From Library Journal
Emmons's trendy Boston restaurant, the Delux Cafe, is not vegetarian, but she herself eats meat only occasionally, and her cookbook presents 350 recipes for the vegetarian food she likes best. She's a personable writer and a knowledgeable, accomplished cook. Although she shies away from "fusion cuisine," she likes to put her own spin on dishes from many different cuisines: Green Grape and Tomatillo Gazpacho, Caesar Revamped, Gruyere Potato Rosti. Emmons's friendly style and tasty recipes should make this popular with vegetarians and nonvegetarians alike. Recommended. Claessens isn't anti-tofu, but she knows that the idea of tofu burgers and cheesecake turns off many would-be vegetarians, so she concentrates on easily prepared recipes using familiar ingredients: Garlic-Lover's Vegetable Soup, Pasta with Vegetable Cheese Sauce. The recipes are okay but not always particularly exciting, and they will probably have more appeal to those who are already vegetarian rather than to potential "converts." Diana Shaw's Almost Vegetarian (LJ 9/15/94) is better suited to those thinking about embracing a vegetarian diet, and Sarah Fritschner's Vegetarian Express Lane Cookbook (LJ 6/15/96) is more helpful for those looking for quick vegetarian meals that will appeal to the whole family.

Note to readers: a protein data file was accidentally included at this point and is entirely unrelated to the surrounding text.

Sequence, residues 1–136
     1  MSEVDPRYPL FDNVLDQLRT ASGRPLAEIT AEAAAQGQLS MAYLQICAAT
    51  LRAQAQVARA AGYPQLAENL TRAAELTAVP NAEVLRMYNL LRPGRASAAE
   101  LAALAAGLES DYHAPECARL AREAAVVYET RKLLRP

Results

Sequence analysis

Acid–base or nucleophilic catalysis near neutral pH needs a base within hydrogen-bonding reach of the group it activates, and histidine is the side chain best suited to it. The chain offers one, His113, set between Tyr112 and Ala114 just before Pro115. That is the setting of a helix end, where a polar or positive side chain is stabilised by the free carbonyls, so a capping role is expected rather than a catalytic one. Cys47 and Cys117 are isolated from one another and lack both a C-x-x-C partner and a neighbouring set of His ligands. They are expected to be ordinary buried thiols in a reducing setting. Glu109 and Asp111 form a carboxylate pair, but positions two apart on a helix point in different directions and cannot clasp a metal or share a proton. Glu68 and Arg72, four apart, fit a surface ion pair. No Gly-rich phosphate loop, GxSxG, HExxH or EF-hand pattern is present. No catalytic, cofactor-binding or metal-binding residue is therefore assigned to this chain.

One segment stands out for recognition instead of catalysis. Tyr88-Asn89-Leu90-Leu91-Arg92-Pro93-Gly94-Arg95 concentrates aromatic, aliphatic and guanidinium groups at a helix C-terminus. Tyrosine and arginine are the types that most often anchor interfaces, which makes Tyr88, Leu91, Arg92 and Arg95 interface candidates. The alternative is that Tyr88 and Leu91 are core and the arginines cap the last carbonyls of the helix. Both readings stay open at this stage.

Copyright 1997 Reed Business Information, Inc.
With virtually every eater eager to reduce the amount of cholesterol and other saturated fats in everyday diets, vegetarian cooking is gaining new adherents. Emmons' vegetarian cookbook distinguishes itself from other similar current offerings by presenting recipes for complex creations that make vegetarianism more attractive than cooking found in customary tofu-and-tamari tomes. Emmons delights in variations on lasagna, and she has plenty of Mexican-inspired items to attract pepper lovers. Thoughtful attention to spices and herbs will help win converts to vegetarianism from meat-centered diners. An entire chapter on "burgers" aims to woo the younger set, but long ingredient lists and time-consuming techniques make these burgers more complicated for the time-pressed cook than their fast-food cousins. Experienced home chefs looking for alternatives to meat-based cuisine will find plenty here to delight vegetarian family members and dinner guests. Mark Knoblauch
--This text refers to an out of print or unavailable edition of this title.